If Brent remains in the $95-100 per barrel range and the US moves into an ethylene surplus in 2015, we would expect meaningful negative revisions for DOW, LYB and WLK. Lower ethylene pricing in the US would be positive for AXLL.

Exhibit 27

Source: IHS, Wood Mackenzie, SSR Analysis

Valuation

Exhibits 28 and 29 are updated versions of charts from our
Chemicals Monthly
, showing valuation and return divergence as measured on our models. We highlight companies that are at all time or 10 year valuation or earnings extremes. Exhibits 30-35 show valuation history for DOW, LYB, WLK, DD, AXLL, and OLN.

Exhibit 28

Source: Capital IQ, SSR Analysis

Exhibit 29

Source: Capital IQ, SSR Analysis

Exhibit 30

Source: Capital IQ, SSR Analysis

Exhibit 31

Source: Capital IQ, SSR Analysis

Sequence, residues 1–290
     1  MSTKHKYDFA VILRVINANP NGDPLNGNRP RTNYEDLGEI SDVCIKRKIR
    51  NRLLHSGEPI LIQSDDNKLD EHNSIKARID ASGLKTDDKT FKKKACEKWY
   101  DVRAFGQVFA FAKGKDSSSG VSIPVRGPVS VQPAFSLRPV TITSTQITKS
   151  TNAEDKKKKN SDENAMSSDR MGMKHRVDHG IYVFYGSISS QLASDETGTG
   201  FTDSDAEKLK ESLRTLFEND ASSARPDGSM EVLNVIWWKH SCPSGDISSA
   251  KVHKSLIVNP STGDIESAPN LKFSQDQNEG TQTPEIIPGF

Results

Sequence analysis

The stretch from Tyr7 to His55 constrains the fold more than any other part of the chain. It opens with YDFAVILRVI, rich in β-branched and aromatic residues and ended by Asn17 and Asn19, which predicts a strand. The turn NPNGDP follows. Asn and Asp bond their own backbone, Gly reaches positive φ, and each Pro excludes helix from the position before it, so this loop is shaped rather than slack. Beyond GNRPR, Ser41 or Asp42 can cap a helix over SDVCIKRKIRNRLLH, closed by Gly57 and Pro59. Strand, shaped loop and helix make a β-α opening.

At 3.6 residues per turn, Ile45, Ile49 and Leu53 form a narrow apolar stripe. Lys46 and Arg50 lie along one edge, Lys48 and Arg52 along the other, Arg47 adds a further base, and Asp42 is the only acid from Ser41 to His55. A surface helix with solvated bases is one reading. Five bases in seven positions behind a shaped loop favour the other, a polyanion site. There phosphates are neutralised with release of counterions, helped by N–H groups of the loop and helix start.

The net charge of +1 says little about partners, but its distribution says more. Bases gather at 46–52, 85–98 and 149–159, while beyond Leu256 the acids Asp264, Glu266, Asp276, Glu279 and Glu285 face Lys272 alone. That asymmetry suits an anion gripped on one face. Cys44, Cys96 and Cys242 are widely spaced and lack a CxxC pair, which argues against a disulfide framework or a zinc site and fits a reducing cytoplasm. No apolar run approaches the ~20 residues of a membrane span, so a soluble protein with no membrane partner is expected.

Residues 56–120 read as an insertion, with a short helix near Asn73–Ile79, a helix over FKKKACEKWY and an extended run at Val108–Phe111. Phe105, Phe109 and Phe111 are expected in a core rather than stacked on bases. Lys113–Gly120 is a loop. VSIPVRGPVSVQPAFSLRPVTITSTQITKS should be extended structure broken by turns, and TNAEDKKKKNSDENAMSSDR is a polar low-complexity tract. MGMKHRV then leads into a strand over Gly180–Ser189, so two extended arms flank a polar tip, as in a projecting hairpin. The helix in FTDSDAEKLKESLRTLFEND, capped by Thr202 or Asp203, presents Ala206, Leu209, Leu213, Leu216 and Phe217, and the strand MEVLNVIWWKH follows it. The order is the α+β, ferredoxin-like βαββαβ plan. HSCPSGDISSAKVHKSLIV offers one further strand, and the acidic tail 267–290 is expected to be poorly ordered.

Exhibit 32

Source: Capital IQ, SSR Analysis

©2014, SSR LLC, 1055 Washington Blvd, Stamford, CT 06901. All rights reserved. The information contained in this report has been obtained from sources believed to be reliable, and its accuracy and completeness is not guaranteed. No representation or warranty, express or implied, is made as to the fairness, accuracy, completeness or correctness of the information and opinions contained herein.  The views and other information provided are subject to change without notice.  This report is issued without regard to the specific investment objectives, financial situation or particular needs of any specific recipient and is not construed as a solicitation or an offer to buy or sell any securities or related financial instruments. Past performance is not necessarily a guide to future results.